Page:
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News Release Information

Tuesday, August 30, 2022

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Occupational Employment and Wages in Washington-Arlington-Alexandria – May 2021

Workers in the Washington-Arlington-Alexandria, DC-VA-MD-WV Metropolitan Statistical Area had an average (mean) hourly wage of $38.69 in May 2021, 38-percent above the nationwide average of $28.01, the U.S. Bureau of Labor Statistics reported today. Regional Commissioner Alexandra Hall Bovee noted that, after testing for statistical significance, wages in the local area were higher than their respective national averages in all of the 22 major occupational groups.

When compared to the nationwide distribution, Washington area employment was more highly concentrated in 10 of the 22 occupational groups, including business and financial operations, computer and mathematical, and management. Eleven groups had employment shares significantly below their national representation, including production, transportation and material moving, and office and administrative support. (See table A.)

Table A. Occupational employment and wages by major occupational group, United States and the Washington metropolitan area, and measures of statistical significance, May 2021
Major occupational group Percent of total employment Mean hourly wage
United States Washington United States Washington Percent difference (1)

Total, all occupations

100.0 100.0 $28.01 $38.69* 38


6.3 9.1* 59.31 73.39* 24

Business and financial operations

6.4 12.3* 39.72 48.45* 22

Computer and mathematical

3.3 7.9* 48.01 56.60* 18

Architecture and engineering

1.7 2.0* 44.10 54.25* 23

Life, physical, and social science

0.9 2.1* 38.81 53.41* 38

Community and social service

1.6 1.4* 25.94 31.61* 22


0.8 2.2* 54.38 75.51* 39

Educational instruction and library

5.8 6.1* 29.88 35.42* 19

Arts, design, entertainment, sports, and media

1.3 2.3* 31.78 42.52* 34

Healthcare practitioners and technical

6.2 5.1* 43.80 52.13* 19

Healthcare support

4.7 3.0* 16.02 17.75* 11

Protective service

2.4 3.0* 25.68 30.82* 20

Food preparation and serving related

8.0 6.7* 14.16 16.36* 16

Building and grounds cleaning and maintenance

2.9 3.0* 16.23 17.70* 9

Personal care and service

1.8 1.9 16.17 18.37* 14

Sales and related

9.4 7.6* 22.15 25.49* 15

Office and administrative support

13.0 10.6* 20.88 24.37* 17

Farming, fishing, and forestry

0.3 0.1* 16.70 19.28* 15

Construction and extraction

4.2 3.7* 26.87 27.95* 4

Installation, maintenance, and repair

4.0 3.0* 25.66 29.41* 15


6.0 1.5* 20.71 23.80* 15

Transportation and material moving

9.0 5.3* 19.88 22.81* 15

(1) A positive percent difference measures how much the mean wage in the Washington-Arlington-Alexandria, DC-VA-MD-WV Metropolitan Statistical Area is above the national mean wage, while a negative difference reflects a lower wage.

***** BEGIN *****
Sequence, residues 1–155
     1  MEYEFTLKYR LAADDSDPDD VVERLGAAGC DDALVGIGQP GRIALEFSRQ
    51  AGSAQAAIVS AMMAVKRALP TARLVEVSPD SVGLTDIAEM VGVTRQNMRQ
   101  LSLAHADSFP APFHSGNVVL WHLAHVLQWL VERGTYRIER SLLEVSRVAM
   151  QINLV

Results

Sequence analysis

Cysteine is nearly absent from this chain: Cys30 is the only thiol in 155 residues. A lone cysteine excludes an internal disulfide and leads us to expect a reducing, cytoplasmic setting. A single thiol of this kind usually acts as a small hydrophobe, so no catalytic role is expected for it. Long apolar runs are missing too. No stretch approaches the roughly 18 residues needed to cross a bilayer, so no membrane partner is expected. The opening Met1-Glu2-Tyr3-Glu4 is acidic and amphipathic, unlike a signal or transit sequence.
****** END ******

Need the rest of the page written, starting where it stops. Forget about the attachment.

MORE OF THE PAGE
* The mean hourly wage or percent share of employment is significantly different from the national average of all areas at the 90-percent confidence level.

One occupational group—business and financial—was chosen to illustrate the diversity of data available for any of the 22 major occupational categories. Washington had 360,640 jobs in business and financial operation, accounting for 12.3 percent of local area employment, significantly higher than the 6.4-percent share nationally. The average hourly wage for this occupational group locally was $48.45, significantly above the national wage of $39.72.

Some of the larger detailed occupations within the business and financial operations group included management analysts (64,320), and accountants and auditors (41,850). Among the higher-paying jobs in this group were personal financial advisors and agents and business managers of artists, performers, and athletes, with mean hourly wages of $66.95 and $63.36, respectively. (See chart 1.) At the lower end of the wage scale were tax preparers ($26.25) and credit counselors ($28.72). (Detailed data for the business and financial operations occupations are presented in table 1; for a complete listing of detailed occupations available go to

Location quotients allow us to explore the occupational make-up of a metropolitan area by comparing the composition of jobs in an area relative to the national average. (See table 1.) For example, a location quotient of 2.0 indicates that an occupation accounts for twice the share of employment in the area than it does nationally. In the Washington area, above-average concentrations of employment were found in some of the occupations within the business and financial operations group. For instance, management analysts were employed at 4.0 times the national rate in Washington, and meeting, convention, and event planners, at 2.2 times the U.S. average. Loan officers had a location quotient of 0.9 in Washington, indicating that this particular occupation’s local and national employment shares were similar.

These statistics are from the Occupational Employment and Wage Statistics (OEWS) survey, a federal-state cooperative program between BLS and State Workforce Agencies, in this case, the District of Columbia Department of Employment Services, the Virginia Employment Commission, the Maryland Department of Labor, and Workforce West Virginia.

Changes to the Occupational Employment and Wage Statistics (OEWS) Data

With the May 2021 estimates release, the Occupational Employment and Wage Statistics (OEWS) program has implemented a new model-based (MB3) estimation method. For more information, see the May 2021 Survey Methods and Reliability Statement at and the Monthly Labor Review article at OEWS estimates for the years 2015-19 were recalculated using the new estimation method and are available as research estimates at

The May 2021 OEWS estimates are also the first estimates based entirely on survey data collected using the 2018 Standard Occupational Classification (SOC) system. To improve data quality, the OEWS program aggregates some occupations to the SOC broad occupation level or as OEWS-specific combinations of 2018 SOC detailed occupations.

Technical Note